Militants loyal to the Islamic State claimed responsibility Wednesday for a complex attack on a hotel in Libya’s capital, signaling an expansion of the jihadist group’s reach in the chaotic North African state while raising questions about the extent of coordination between leaders in Syria and Iraq.

The attack on the Corinthia hotel Tuesday, in which gunmen burst into the lobby and set off a car bomb in the parking lot, left 10 dead, including an American and four other foreigners. An affiliate of the Islamic State claimed responsibility for the attack and released photos of two suicide bombers it said took part.

Libya is increasingly taking on the appearance of a failed state, with its elected government forced to reside in the far eastern part of the country while a loose alliance of militias has set up a rival government in Tripoli. Fighting rages between government forces and Islamist militias in the second-largest city, Benghazi. Hundreds of thousands have been displaced, embassies have been closed and diplomats have fled, along with hundreds of thousands of foreign laborers.

The chaos following the overthrow of longtime dictator Moammar Gaddafi in a 2011 uprising has provided fertile ground for the rise of Islamist groups, including a number that have pledged allegiance to the Islamic State, which controls a third of both Iraq and Syria and has encouraged attacks worldwide.

According to postings on jihadi Web forums, groups claiming allegiance to the Islamic State are present in at least five Libyan cities, including the two largest — Tripoli, and Benghazi in the east, the birthplace of the 2011 uprising.

Islamic State supporters divide the vast, oil-rich country of 6 million into three regions, or “wilayat”: Tripoli, Barqa or Cyrenaica in the east, and Fazzan in the south.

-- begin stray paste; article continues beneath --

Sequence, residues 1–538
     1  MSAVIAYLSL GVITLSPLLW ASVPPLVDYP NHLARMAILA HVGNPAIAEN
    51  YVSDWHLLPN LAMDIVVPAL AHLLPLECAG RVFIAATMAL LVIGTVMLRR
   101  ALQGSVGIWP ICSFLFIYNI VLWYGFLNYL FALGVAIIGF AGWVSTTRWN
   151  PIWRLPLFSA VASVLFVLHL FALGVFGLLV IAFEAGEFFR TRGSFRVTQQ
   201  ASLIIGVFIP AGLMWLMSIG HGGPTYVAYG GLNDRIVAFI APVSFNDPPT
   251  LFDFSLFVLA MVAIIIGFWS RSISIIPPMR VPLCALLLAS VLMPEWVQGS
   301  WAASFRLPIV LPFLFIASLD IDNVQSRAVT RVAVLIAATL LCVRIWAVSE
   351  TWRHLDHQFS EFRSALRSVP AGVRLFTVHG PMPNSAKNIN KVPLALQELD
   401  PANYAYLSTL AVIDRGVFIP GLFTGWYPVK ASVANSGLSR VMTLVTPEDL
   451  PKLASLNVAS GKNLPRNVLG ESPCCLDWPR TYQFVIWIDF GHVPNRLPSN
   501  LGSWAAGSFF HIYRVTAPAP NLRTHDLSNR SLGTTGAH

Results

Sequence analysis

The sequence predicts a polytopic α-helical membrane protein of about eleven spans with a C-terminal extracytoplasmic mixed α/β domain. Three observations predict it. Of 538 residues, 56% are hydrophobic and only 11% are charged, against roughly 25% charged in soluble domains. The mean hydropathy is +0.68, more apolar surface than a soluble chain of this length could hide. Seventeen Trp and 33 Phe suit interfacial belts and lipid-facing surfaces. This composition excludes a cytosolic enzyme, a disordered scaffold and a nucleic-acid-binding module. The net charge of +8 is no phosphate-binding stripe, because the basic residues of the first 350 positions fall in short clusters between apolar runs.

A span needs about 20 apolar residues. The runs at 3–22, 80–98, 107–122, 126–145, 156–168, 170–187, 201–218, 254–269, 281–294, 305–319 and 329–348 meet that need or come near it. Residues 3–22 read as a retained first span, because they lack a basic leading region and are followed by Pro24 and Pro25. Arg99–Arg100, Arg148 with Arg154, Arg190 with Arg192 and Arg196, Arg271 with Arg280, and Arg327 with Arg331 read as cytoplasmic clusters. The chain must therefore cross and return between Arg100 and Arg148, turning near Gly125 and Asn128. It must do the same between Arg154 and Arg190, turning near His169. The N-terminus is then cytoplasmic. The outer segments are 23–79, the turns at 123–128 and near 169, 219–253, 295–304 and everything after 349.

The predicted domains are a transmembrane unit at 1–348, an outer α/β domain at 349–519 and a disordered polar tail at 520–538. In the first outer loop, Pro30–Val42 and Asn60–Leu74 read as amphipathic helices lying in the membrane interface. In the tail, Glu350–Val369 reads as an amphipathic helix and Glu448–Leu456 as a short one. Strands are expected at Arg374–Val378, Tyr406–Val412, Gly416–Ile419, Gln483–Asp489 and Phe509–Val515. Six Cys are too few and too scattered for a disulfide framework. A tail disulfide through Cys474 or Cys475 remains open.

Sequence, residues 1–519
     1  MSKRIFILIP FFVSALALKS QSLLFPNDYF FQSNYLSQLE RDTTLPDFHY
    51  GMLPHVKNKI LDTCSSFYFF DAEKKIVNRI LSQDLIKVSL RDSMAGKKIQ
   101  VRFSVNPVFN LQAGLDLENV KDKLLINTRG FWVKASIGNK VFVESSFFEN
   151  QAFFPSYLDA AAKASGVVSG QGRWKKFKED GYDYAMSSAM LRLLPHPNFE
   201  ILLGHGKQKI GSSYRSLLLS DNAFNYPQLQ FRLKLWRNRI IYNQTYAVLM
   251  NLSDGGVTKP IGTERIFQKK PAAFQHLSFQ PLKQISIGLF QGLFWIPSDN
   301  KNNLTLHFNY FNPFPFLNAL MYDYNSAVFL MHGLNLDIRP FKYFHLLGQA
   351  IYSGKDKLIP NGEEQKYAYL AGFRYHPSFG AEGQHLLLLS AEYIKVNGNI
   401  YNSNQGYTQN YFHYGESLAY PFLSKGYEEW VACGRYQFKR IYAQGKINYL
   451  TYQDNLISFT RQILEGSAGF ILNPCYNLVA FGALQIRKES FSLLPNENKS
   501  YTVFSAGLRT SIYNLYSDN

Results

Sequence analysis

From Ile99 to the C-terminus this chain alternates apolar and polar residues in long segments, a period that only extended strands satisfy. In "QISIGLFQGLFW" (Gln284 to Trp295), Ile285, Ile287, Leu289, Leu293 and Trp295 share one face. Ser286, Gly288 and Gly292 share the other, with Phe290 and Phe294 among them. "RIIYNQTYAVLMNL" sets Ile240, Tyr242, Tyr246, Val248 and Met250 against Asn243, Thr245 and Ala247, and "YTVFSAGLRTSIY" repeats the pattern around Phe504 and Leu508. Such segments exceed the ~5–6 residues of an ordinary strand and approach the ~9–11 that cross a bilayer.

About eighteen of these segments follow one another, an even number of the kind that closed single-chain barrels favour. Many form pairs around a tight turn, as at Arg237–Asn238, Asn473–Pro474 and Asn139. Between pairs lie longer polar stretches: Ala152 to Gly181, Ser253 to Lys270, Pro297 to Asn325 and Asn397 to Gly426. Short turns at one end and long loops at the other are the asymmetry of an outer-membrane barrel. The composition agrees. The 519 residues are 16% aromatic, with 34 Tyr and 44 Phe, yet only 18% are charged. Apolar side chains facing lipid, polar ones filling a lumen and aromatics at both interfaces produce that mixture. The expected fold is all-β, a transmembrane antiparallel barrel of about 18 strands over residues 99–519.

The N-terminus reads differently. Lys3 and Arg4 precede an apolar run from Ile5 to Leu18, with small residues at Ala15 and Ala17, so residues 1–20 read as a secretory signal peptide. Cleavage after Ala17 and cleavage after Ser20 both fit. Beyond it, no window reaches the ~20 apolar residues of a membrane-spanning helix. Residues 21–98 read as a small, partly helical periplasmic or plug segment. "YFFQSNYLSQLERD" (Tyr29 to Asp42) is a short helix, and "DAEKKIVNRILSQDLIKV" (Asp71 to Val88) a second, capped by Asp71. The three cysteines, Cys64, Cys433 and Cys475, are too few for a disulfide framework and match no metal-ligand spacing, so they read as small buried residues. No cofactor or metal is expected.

The east is already home to Ansar al-Shariah, an al-Qaeda-inspired group suspected of involvement in the deadly assault on the U.S. Consulate in Benghazi in 2012 that killed the ambassador and three other Americans.

But in the eastern city of Darna, an Islamic State affiliate has held public events and claimed control of the city. And other militants claiming allegiance to the group have battled Libyan troops in Benghazi, often with suicide bombers.

The Tripoli attack is the largest operation in the country to be claimed in the name of the Islamic State, but it is unclear whether the attack was planned or directed by the group’s central leadership in Iraq and Syria. The group previously claimed responsibility for an attack on the Algerian Embassy in Tripoli that wounded three guards.

In its claim of responsibility, which first appeared on jihadi forums Wednesday, the group identified the attackers as Abu Ibrahim al-Tunsi and Abu Suleiman al-Sudani, noms de guerre suggesting that the former is Tunisian and the latter Sudanese.

“The operation is not the last one on the lands of Tripoli. . . . Let the enemies of God, the crusaders and their allies await what will harm them,” the message read.

“Tripoli is of strategic importance to the Islamic State and this attack takes the country to a new level, alongside other nations in the war against terrorism,” said Mahmoud Shamma, editor of Libya’s widely circulated al-Wasat daily. “So far we hear strong condemnations, but there is a long distance between this and action.”